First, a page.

Spreadsheet for varying risk and life expectancy and calculation of mean return periods for wind speed. Based on the appendices to AS1170.2:1989 and the introduction of our limit state codes: the typical basis of design is 5% risk of exceedance for a given life span: in 1989 the lifespan was adopted as 50 years to give a mean return period of 1000 years (rounded). Assuming that there was no change to the acceptable risk in the 2002 revision, then the acceptable life span, taking rounding into consideration was reduced to 25 years, for a mean return period of 500 years. If however the expected lifespan remained at 50 years then the acceptable risk was increased to 10%. Given that statistical hypothesis tests using 5% or 1% are the norm, and that expect failure rates to be significantly less than 5%, don’t expect that the risk was increased, rather the lifespan decreased. Note that structural failure is dependent on a combination of inadequate strength and excessive load.
It should be noted that the building code of Australia (BCA) does not differentiate between loss of life, loss of amenity, or economic loss. Since design loads always have the possibility of being exceeded, quality robust design would require design for failure: that is the mode of failure should be taken into consideration and the system designed to be fail-safe. Such approach requires a more qualitative design effort. The current code mandated approach is not safe, and is effectively based on statistically guessing a big number and hoping it won’t be exceeded. Each time the big number is exceeded a bigger number is chosen. It is not economical and it denies people access to housing: there is little point talking about loss of amenity, when people do not have access to the amenity in the first place.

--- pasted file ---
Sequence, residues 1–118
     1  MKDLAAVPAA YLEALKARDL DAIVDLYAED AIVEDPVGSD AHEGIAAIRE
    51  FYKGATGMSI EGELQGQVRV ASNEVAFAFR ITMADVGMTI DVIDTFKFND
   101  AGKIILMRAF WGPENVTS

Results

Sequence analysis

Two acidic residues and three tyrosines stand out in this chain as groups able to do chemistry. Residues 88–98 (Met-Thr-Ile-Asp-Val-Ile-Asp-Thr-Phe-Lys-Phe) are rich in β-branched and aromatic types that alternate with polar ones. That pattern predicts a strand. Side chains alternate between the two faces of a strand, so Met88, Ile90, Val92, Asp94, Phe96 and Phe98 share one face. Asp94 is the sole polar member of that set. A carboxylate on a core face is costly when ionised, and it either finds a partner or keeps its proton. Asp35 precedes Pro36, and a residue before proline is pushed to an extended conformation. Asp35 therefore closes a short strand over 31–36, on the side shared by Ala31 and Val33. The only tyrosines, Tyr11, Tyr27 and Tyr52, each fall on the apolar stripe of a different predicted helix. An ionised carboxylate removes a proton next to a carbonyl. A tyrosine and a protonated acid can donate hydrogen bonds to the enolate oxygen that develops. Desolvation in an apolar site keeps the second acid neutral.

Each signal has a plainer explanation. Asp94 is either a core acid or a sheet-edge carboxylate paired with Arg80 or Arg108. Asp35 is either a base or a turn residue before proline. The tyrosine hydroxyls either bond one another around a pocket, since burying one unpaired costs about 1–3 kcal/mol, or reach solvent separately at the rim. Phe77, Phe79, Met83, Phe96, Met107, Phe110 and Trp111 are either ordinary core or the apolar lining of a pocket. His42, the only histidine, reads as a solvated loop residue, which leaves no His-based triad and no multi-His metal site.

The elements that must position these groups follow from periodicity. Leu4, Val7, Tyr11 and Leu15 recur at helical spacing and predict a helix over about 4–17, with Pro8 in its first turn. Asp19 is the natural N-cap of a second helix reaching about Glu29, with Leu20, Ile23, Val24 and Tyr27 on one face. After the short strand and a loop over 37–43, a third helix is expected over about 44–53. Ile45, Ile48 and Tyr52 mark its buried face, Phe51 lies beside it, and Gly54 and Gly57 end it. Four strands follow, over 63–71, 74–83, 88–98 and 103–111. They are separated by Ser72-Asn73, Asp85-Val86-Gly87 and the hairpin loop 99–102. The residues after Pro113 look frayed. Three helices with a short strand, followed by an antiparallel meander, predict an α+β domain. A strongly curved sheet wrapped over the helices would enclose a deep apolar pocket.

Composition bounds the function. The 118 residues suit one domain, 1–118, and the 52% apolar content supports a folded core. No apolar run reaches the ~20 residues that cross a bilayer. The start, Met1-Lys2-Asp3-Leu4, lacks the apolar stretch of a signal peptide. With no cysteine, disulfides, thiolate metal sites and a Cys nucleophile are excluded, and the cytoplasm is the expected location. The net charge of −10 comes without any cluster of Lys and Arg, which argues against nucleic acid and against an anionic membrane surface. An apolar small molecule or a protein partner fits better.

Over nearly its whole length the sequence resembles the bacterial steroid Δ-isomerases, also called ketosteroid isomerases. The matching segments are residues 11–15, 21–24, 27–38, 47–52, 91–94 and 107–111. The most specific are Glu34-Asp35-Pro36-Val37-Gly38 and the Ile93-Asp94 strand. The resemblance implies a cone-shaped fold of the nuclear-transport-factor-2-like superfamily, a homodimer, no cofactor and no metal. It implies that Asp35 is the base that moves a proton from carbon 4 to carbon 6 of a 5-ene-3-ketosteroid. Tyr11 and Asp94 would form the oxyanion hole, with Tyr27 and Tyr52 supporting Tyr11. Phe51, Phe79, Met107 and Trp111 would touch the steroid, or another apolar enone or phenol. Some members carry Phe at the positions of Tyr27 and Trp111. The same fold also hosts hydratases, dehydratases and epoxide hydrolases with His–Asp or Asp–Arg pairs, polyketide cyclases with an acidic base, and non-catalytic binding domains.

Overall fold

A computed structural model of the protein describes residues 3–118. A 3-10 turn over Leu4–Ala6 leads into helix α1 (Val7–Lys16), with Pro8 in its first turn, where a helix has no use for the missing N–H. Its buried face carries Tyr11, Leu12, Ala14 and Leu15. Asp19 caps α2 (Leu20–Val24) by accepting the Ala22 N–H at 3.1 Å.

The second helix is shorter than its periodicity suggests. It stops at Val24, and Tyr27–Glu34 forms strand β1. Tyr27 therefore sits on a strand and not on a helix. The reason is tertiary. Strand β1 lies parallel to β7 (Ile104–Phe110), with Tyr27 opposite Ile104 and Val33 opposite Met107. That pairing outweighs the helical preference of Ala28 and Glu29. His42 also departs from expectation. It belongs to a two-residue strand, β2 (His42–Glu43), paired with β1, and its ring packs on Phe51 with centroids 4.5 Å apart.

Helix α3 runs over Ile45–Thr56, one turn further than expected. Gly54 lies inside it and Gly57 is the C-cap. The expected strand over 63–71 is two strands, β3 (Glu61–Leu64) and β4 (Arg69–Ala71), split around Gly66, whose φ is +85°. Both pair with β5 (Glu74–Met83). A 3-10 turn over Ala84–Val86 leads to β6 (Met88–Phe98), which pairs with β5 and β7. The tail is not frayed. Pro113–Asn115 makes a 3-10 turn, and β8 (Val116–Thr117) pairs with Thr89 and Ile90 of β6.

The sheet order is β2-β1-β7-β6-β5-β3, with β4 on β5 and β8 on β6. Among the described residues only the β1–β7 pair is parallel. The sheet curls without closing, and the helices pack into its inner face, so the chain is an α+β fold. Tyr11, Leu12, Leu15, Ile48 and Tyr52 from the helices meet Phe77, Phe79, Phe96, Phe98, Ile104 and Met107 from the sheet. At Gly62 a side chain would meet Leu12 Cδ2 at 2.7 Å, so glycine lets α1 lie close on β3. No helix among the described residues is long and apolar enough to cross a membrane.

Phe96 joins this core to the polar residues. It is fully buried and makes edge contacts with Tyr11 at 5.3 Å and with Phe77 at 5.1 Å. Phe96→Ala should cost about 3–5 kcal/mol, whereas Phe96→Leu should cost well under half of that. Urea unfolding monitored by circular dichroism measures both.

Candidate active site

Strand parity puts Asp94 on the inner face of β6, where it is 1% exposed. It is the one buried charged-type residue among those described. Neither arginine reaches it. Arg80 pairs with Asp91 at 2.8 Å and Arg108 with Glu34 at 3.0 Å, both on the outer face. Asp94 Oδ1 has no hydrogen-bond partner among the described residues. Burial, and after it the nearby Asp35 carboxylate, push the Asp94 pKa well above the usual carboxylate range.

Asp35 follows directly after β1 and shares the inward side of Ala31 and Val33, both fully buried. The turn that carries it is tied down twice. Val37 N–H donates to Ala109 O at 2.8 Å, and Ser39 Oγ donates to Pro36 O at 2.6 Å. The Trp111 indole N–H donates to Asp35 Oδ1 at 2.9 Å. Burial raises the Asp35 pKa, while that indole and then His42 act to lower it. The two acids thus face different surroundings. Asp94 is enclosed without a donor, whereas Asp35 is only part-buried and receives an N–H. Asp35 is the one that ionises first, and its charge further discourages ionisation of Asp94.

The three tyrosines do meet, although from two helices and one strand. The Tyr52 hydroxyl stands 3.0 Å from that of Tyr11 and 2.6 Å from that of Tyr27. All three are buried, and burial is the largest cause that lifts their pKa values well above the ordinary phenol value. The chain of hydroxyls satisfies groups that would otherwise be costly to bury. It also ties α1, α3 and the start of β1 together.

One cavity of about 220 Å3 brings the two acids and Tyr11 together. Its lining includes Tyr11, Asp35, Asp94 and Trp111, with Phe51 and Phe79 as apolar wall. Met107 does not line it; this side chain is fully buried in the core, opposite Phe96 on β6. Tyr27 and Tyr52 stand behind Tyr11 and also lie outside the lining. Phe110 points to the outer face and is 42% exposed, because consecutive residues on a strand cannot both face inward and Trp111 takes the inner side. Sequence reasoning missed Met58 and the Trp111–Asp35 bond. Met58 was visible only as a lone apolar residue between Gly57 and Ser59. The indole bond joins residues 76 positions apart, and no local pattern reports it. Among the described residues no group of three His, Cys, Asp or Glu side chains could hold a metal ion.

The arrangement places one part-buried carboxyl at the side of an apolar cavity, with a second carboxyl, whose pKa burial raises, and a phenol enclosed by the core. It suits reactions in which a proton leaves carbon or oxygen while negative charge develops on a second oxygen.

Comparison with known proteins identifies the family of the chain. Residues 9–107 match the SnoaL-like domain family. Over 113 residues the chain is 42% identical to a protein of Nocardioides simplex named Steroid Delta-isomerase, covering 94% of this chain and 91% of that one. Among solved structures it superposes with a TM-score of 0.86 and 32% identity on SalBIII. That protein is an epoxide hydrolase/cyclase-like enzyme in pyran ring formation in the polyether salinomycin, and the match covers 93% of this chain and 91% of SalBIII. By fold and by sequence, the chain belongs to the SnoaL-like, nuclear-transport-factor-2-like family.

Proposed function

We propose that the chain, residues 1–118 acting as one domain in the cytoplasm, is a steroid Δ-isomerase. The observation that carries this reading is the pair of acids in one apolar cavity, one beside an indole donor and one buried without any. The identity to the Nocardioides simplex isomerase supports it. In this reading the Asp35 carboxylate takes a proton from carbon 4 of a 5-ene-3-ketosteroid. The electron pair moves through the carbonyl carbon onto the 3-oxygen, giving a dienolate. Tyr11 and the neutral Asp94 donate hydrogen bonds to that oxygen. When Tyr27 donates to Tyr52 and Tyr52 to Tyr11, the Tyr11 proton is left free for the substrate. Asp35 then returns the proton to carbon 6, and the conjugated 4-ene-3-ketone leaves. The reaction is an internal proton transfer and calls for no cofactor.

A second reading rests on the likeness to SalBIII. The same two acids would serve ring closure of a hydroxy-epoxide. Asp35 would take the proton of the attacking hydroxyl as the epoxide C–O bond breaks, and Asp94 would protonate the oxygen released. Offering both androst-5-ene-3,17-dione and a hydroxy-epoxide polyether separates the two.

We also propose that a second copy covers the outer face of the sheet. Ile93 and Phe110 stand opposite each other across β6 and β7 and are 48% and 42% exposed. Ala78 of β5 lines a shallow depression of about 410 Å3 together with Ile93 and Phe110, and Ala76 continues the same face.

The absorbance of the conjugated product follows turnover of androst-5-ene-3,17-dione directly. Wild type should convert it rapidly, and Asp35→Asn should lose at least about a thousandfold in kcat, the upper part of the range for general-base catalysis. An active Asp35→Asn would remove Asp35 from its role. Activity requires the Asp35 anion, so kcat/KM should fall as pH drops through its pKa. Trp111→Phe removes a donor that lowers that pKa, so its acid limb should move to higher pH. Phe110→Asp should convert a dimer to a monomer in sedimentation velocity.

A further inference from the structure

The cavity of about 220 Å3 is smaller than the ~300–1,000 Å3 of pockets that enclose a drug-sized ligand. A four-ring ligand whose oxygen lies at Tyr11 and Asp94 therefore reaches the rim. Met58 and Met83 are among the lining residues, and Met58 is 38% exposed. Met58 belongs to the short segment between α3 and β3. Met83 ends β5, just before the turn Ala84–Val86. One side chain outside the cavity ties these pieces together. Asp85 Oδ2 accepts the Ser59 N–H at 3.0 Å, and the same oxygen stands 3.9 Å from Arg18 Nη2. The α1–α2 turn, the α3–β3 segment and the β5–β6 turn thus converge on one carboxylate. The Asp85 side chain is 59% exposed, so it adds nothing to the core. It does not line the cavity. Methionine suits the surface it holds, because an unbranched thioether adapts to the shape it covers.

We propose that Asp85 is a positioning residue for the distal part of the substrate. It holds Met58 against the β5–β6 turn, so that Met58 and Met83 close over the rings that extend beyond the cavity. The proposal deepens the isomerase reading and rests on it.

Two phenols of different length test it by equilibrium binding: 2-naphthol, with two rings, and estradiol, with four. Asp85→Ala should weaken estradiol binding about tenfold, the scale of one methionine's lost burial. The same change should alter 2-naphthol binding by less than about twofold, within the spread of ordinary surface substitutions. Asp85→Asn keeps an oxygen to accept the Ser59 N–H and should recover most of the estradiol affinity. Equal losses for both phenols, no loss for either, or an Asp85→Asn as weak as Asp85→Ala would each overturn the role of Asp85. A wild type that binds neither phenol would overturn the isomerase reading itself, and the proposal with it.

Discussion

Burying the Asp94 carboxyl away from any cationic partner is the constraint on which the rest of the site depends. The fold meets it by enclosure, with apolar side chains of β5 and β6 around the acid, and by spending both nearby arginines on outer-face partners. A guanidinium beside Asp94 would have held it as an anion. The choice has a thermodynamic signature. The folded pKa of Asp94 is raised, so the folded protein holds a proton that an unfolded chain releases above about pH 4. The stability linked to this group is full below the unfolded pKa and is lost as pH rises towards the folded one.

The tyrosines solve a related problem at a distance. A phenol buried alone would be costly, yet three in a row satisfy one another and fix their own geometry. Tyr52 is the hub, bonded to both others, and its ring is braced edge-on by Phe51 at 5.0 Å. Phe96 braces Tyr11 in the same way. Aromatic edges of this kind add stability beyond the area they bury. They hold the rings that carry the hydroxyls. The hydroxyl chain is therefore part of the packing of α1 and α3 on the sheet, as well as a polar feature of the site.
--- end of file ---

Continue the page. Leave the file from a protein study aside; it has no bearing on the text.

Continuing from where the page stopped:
The natural environment becomes hazardous once twigs and branches start being ripped from trees, and that occurs at wind speeds of 62 km/h [17 m/s], such speeds are exceeded every year in South Australia, where annual storm damage is typically associated with speeds from 90 km/h to 110 km/h. Therefore at wind speeds of 62 km/h, need to take shelter behind some barrier which can provide protection from airborne debris travelling at the speed of the wind. A protective barrier however can be expendable and replaceable.
It is therefore not necessary to design an entire building to a high load, if qualitatively the building can be configured, so that it has purpose made shelter, has appropriate protective shielding, can otherwise collapse in a controlled manner and in doing so can avoid becoming airborne debris. Modern civilisation is largely dependent upon mains water supply and main sewage disposal. The most important rooms in a house therefore are laundry, bathroom and kitchen, if these rooms can remain functional after wide spread damage then recovery would be vastly more rapid. Though a large percentage of the world population needs to get the facilities in the first place.
The issue isn’t so much the magnitude of the design load, but the expected behaviour of the system at that load. As wind speeds get higher it becomes more preferable to either leave, or bend and fold with the wind and present a smaller profile.